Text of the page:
ITK’s late June and the field is glowing with fragrant purple as the women flow shalwar kameez Arrive with scissors to harvest lavender. In 30 strange hilltop villages in Jammu’s Doda district, more than 200 farmers have shifted from maize to laundry production, sparking a “purple revolution” in the region.
The village of Lehrot gained a moment of agricultural fame this year when a 43-year-old farmer, Bharat Bhushan, won a prestigious award for modern farming from the Indian Agricultural Research Institute, one of the country’s many institutions to find a way to. Looking for Coping with the climate crisis and its devastating effects on agriculture. Lavender, a drought-tolerant crop, can be grown on poor soil and loves the sun but needs a little water.
“I seriously started lavender farming in 2010, as an experiment, due to the encouragement of the Indian Institute of Medicine. [IIIM] Jammu, “says Bhushan.” It is easy to grow, and does not require much irrigation. I used cow dung as fertilizer. In two years, he was earning four times as much as growing corn.
“Seeing my success, a lot of people followed it and now more than 500 farmers in the area, who are part of the self-help groups, are engaged in this occupation. I set up two nurseries to spread lavender plants. The village has become a center for lavender production and migration, “says Bhushan, who has also installed machinery to extract oil from lavender flowers.
“The best thing about growing lavender is that many women in the villages who are not allowed to work away from home are encouraged to grow lavender around their homes because it is profitable. And that makes them self-sufficient. “
“Domestic demand for lavender oil is high, and we sell distilled oil directly to industrial consumers in Indian cities like Mumbai and Delhi. We also sell dried lavender for potpourri, sachets and flower arrangements, and hydrosol. Which is formed after being extracted from flowers, which were used to make soap and room wires.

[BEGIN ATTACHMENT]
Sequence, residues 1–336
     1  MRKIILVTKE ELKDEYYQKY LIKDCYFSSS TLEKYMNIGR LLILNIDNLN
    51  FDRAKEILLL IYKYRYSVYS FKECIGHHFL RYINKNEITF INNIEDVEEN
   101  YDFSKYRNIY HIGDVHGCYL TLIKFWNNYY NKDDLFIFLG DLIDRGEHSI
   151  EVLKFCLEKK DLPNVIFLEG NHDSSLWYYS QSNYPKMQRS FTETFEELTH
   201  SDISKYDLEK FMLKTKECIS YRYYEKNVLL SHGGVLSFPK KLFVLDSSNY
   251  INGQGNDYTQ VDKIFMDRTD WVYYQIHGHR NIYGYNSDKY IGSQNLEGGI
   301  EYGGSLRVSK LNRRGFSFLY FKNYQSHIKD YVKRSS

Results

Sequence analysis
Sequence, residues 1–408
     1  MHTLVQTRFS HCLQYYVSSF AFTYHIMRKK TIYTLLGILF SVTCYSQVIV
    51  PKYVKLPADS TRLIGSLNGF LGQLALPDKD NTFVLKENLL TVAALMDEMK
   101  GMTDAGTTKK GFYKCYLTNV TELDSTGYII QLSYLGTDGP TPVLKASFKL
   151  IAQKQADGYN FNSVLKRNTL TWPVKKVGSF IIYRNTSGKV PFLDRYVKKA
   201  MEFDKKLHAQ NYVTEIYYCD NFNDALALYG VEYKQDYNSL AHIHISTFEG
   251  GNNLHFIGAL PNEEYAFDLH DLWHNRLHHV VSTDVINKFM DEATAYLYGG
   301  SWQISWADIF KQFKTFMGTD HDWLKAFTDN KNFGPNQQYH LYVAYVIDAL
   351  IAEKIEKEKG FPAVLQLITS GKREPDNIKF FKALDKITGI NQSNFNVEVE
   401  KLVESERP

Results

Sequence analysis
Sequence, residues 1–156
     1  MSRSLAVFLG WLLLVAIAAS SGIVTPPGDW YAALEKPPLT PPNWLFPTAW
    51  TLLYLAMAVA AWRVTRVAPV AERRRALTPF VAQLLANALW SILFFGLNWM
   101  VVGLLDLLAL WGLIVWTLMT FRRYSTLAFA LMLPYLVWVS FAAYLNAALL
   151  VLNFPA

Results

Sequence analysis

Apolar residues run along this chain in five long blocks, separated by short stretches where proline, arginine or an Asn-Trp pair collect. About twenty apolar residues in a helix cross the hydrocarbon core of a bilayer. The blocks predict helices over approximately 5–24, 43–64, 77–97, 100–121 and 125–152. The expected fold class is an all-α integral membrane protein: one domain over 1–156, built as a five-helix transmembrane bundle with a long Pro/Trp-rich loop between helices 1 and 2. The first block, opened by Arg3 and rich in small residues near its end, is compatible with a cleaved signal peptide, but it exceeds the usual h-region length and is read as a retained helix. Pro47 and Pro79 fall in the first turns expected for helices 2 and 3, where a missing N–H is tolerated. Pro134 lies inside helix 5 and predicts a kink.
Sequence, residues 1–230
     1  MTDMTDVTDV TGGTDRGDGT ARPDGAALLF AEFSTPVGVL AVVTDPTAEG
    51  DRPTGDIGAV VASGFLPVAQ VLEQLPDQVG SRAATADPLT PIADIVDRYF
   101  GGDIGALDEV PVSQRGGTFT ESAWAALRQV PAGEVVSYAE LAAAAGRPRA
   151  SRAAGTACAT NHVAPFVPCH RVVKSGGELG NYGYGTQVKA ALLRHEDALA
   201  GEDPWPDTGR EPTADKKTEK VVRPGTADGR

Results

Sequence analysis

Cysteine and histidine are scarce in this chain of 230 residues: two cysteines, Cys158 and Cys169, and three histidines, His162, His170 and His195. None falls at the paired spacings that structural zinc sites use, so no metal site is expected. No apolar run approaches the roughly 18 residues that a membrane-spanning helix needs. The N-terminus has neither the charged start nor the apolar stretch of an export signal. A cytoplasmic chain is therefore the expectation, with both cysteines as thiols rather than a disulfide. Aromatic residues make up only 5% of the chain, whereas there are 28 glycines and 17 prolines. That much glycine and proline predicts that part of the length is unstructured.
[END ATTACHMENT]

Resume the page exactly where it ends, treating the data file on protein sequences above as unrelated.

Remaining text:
Bhushan was impressed by a video conference with the Prime Minister of India, Narendra Modi, and the Council for Scientific and Industrial Research (CSIR), which launched the Fragrance Mission in 2016, and encouraged such farmers. Encouraged whose economy was affected by the climate emergency, such as growing crops. Such as lavender, rosemary and lemongrass, and medicinal plants Ashwagandha, Also known as Indian gensing وٹھانیا سومنیفرا. It provides cuttings, helps set up a slowdown unit for a herd of 50 farmers, checks oil quality and helps find buyers.
“Lavender is a crop of Europe, but it was introduced by the CSIR expedition in Doda, Kishtwar and Rajouri districts in the violent areas of the state,” said Samit Gervola, a senior scientist at the institute. “In 2017, five labs were set up across India to help cultivate 20 medicinal and aromatic crops in 6,000 hectares. [15,000 acres] All over India.
He says the easy-growing properties of lavender are popular with farmers. “The income from lavender farming is much better than from crops like maize. One hectare of land can produce 30 to 45 liters of lavender oil, which is in high demand for essential essential oils.
Many farmers in Kashmir are starting to cultivate the crop and often cultivate it along with apple orchards. Recently, CSIR announced the expansion of the Fragrance Mission with the participation of farmers from other northern states like Uttarakhand, Nagaland and Assam, so purple flowers could soon become a common sight across India.
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